3. The decision of the Canadian Supreme Court in AC ‘is not authority for the proposition that the decision of either a Gillick competent child or a child aged 16 or more is always, and without exceptions, determinative in relation to medical treatment. In the final analysis, as I read [Abella J’s] judgment, the court always has the last word.’ [99] and ‘there is nothing in AC (or, indeed, in the other Canadian authorities to which I was taken) which throws any doubt on the continued validity of In re R (A Minor) (Wardship: Consent to Treatment) [1992] Fam 11 and In re W (A Minor) (Medical Treatment: Courts Jurisdiction) [1993] Fam 64, nor indeed anything which even begins to suggest the need for any judicial re-evaluation of what they establish.’ [104]

While it was acknowledged that the common law is capable of moving with the times and adjusting to social and legal developments, Sir James Munby did not consider that this entitled the court to reject the law as set out in In Re R and In Re W ‘merely because society’s views have changed, even assuming that they have…’ Ultimately the court held that the change in the law for which X contends, ‘is a matter for Parliament, not the courts’. [162]

So In Re R and In Re W remain good law. But what did those cases establish? In a nutshell, it was established that:

  • A refusal to consent to medical treatment by a Gillick competent minor under the age of 16 is not determinative in all circumstances and can be overridden by the court.
  • This is also the position when the minor has attained the age of 16.
  • 16 – 17 year olds, by virtue of section 8 of the Law Reform Act 1969 are conclusively presumed to be Gillick competent and the test of Gillick competence is bypassed and has no relevance.
  • A refusal by 16 – 17 year olds is also not determinative and can be overridden by the court.

In terms of the appropriate procedure for cases of this kind – ie should this be an application under the inherent jurisdiction or an application for a specific issue order under section 8 of the Children Act 1989 – there can be no doubt, the court said, that an application under the inherent jurisdiction is available in relation to such a child (under the age of 16) and that in relation to a child who has reached the age of 16, the application should be sought solely under the inherent jurisdiction and not under the Children Act 1989. [33]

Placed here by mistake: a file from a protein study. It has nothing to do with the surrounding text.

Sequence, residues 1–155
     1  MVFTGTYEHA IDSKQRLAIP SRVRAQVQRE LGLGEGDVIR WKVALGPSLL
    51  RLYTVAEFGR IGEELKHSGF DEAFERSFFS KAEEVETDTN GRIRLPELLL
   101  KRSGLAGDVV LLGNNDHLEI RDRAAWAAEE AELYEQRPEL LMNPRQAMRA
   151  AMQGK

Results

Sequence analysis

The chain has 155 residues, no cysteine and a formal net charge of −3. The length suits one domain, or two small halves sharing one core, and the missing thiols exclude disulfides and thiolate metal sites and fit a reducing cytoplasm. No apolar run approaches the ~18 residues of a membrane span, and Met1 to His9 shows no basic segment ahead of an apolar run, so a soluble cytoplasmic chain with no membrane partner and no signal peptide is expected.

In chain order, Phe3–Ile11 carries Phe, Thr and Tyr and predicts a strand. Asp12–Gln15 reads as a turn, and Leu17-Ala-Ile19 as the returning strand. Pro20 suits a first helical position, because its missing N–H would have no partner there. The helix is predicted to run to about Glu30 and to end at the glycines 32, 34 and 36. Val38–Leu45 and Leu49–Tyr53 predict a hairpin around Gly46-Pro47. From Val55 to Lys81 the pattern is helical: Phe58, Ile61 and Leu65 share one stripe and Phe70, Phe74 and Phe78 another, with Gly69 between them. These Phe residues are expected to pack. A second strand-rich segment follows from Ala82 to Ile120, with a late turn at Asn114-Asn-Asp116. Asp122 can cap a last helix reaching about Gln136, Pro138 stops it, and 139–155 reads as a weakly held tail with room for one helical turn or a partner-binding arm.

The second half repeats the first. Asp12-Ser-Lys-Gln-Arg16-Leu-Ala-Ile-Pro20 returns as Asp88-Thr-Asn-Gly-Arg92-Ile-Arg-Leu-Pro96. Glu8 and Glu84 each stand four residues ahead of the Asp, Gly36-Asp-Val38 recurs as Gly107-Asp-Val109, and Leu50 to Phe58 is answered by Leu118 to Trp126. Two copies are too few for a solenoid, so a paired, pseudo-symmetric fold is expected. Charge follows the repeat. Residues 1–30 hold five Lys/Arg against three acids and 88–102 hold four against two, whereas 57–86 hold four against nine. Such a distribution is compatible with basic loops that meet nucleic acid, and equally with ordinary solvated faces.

The paramount consideration in such applications is the welfare of the child. The objective of judges as the ‘judicial reasonable parent’ is ‘… to bring the child to adulthood in such a way that the child is best equipped to deal with what kind of life they want to lead – what kind of person they want to be – and to give effect so far as practicable to their aspirations… to maximise the child’s opportunities in every sphere of life as they enter adulthood’. In doing so, the court is required to have regard to or to consider the child’s wishes and feelings. [21-23]

As regards the two-year rolling order, although accepting that the court has jurisdiction to make this kind of contingent, anticipatory or prospective order, the question for the court was whether such an order should be made. On the facts of this case, the court concluded it should not, as determining whether or not a particular treatment is medically required is highly fact specific and granting such an order to be implemented on the instruction of whomever happens to be X’s treating clinician at the material time would be inappropriate and ‘runs the risk of privileging “medical paternalism” over judicial protection.’ [164, 167-168]

Conclusion

This judgment is a tour de force of domestic, Strasbourg and Canadian jurisprudence and a must-read for all healthcare professionals and those who practise in healthcare law. Sir James Munby in his inimitable style, takes us through a detailed and forensic review of the case law beginning with Re T (Minors) (Custody: Religious Upbringing) (1981) 2 FLR 239 and Gillick -v- West Norfolk and Wisbech Area Health Authority [1986] AC 112 and concluding with Bell & Anor -v- The Tavistock And Portman NHS Foundation Trust [2020] EWHC 3274 (Admin).

It sets out in the clearest possible language the case law around consent to/refusal of treatment by those under the age of 16 who are not Gillick competent, those who are under the age of 16 but declared to be Gillick competent and those aged 16 and 17.

X’s application for permission to appeal has been refused. The proposition that the refusal by a Gillick competent child to consent to medical treatment was determinative was of course specifically rejected by the Court of Appeal in In Re R. The take away message is that nothing has changed and the law remains as was: i.e. where a Gillick competent child refuses to consent to medical treatment, the court may, in the exercise of its inherent jurisdiction, override the child’s wishes in the child’s best interests and give its consent to his or her treatment.

A NHS Trust was represented by Ms Claire Watson, Serjeants’ Inn Chambers instructed by Kiran Bhogal of Hill Dickinson LLP.